Working in timber a few miles from Aurora, Maine, last week, Elbridge Chick of Great Bond lnd a rubber-tired vehicle called a skidder to loose a giant birch tree wedged against its own stump. Earlier in the day, a log had fallen on Chick's hand, which looked swollen and red.

The mishap did not slow him down, as he hooked choker chains around the fallen birch tree. The skidder cables hissed and the front wheels of the vehicle rose off the ground as Chick used the skidder to maneuver the birch. Finally, the tree gave way with a lurch and a flurry of flying chips, and Chick pulled it to the nearby logging road.

It was all in a day's work, but the snapping cables, the crash of falling trees and the whining whir of chain saws left no doubt about the hazardous nature of the work.

At one point, Chick walked along the trunk of the fallen birch tree with a chain saw, cutting limbs - a practice that is unsafe but universal.

Chick said he earned $9,000 last year.

Logging tends to run in families in Maine, and so do the accidents, injuries and illnesses. Chick's older brother-in-law was at home in Great pond last week. Several years ago he began to suffer from something he called "wood poisoning," a powerful allergy to the oils and gases in wood that is said to afflict many lifelong loggers.

According to Jonathan Falk, an economist and expert on Maine logging conditions, several occupational diseases are caused by logging.

Some suffer from "Reynaud's disease" or "white fingers"--a circulatory ailment in the hands thought to be connected with prolonged use of vibrating chain saws. Newer chain saws have handles insulated against vibration, which may eliminate this problem, according to Falk.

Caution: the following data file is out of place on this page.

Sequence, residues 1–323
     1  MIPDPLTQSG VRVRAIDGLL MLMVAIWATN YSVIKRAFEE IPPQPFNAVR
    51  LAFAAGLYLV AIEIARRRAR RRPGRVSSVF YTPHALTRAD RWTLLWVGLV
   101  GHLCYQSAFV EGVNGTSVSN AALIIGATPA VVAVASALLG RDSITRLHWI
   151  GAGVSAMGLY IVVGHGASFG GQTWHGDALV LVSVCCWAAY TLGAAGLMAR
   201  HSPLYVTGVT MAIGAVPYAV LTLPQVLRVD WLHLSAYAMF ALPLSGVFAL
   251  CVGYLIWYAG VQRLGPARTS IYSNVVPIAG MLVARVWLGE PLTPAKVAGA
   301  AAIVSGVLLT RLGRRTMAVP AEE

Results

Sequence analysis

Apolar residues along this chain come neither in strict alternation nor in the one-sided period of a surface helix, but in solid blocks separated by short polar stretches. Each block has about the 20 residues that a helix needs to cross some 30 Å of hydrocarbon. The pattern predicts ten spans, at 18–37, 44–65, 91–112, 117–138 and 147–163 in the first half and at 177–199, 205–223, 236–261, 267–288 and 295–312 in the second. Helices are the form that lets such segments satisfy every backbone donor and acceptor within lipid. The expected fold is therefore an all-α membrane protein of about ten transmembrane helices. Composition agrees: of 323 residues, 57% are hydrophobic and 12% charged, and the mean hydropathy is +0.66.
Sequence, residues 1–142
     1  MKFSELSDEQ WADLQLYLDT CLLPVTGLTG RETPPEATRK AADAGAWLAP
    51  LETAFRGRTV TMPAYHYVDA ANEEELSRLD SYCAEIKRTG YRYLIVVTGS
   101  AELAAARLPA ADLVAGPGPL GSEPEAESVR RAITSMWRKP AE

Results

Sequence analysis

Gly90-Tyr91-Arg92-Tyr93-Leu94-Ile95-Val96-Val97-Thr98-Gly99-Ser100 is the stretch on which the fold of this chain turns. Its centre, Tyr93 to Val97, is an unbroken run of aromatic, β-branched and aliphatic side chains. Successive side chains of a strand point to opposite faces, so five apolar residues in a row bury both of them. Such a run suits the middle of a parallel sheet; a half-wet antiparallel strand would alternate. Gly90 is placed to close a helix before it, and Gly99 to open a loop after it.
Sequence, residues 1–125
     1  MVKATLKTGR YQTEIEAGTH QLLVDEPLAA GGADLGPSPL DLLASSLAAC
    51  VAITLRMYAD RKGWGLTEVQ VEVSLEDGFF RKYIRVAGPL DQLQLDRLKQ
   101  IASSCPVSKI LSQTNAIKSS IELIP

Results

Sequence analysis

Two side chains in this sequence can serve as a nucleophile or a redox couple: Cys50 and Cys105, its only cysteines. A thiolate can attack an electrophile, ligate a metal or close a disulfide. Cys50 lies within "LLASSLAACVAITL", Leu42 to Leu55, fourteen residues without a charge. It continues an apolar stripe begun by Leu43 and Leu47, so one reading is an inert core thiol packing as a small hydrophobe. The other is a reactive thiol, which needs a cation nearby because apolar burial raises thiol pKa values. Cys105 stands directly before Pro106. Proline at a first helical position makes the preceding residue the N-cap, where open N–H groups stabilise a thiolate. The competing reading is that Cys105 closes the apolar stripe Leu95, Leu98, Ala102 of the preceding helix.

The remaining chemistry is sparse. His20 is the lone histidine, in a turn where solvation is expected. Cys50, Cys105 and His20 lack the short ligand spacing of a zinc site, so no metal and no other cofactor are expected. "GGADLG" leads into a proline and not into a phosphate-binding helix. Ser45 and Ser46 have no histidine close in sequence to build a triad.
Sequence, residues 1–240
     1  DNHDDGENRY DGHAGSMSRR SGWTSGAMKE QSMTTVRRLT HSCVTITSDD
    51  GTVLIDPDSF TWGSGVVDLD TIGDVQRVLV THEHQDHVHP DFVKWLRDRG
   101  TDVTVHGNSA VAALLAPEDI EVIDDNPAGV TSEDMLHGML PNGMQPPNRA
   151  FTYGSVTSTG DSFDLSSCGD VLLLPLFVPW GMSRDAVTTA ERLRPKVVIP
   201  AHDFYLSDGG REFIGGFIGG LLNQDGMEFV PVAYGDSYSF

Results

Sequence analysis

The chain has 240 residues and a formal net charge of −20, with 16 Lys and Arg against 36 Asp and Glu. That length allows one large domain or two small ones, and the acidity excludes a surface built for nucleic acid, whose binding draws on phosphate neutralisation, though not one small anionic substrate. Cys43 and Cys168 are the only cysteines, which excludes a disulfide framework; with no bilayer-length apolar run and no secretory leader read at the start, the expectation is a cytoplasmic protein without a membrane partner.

Decker was not the first in his family to be injured logging. He says his father has cut a knee eight times with a chain saw and his brother has lost a finger.

"I saw a man where I was working cut himself up with a chain saw real bad," said Decker. "The saw just flared up on him and cut his throat and neck. It took 65 stitches to sew him up."

Until recently, many Maine loggers were ineligible for Workmen's Compensation. Private contractors who empolyed crews of four men or less were exempt from obtaining coverage for the workers, but a new law spread the coverage requirement down to empliyers with only a single employee.

Traditionally, the independent-spirited maine woodsmen have been willing to risk dangers and low pay for the free life that logging permitted. Woodsmen felt they could work when they pleased, in the fresh air and away from the strict routine and supervision of factories and offices.

But in many cases this former independence is giving way to heavy debts to banks and equipment companies, as woodsmen purchase power saws, hydraulic loaders, trucks and skidders. A skidder costs about $30,000, and payments run as much as $800 a month.With such financial obligations, woodsmen say, the old relaxed pace is disappearing.

Decker's logging companion, David Crane, said he has had equipment repossessed even after a long stint of working as much as 100 hours a week.

That may be one reason why paper companies and independent woodcutting contractors say they have trouble getting Americans to work in the woods, and why nearly half the logging force in Maine this summer is composed of Canadians.

Many younger woodsmen appear to agree with a logger who quit recently to drive trucks:

"A lot of young men go into the woods, but not many stay. You shouldn't have to beat your brains out for money like that."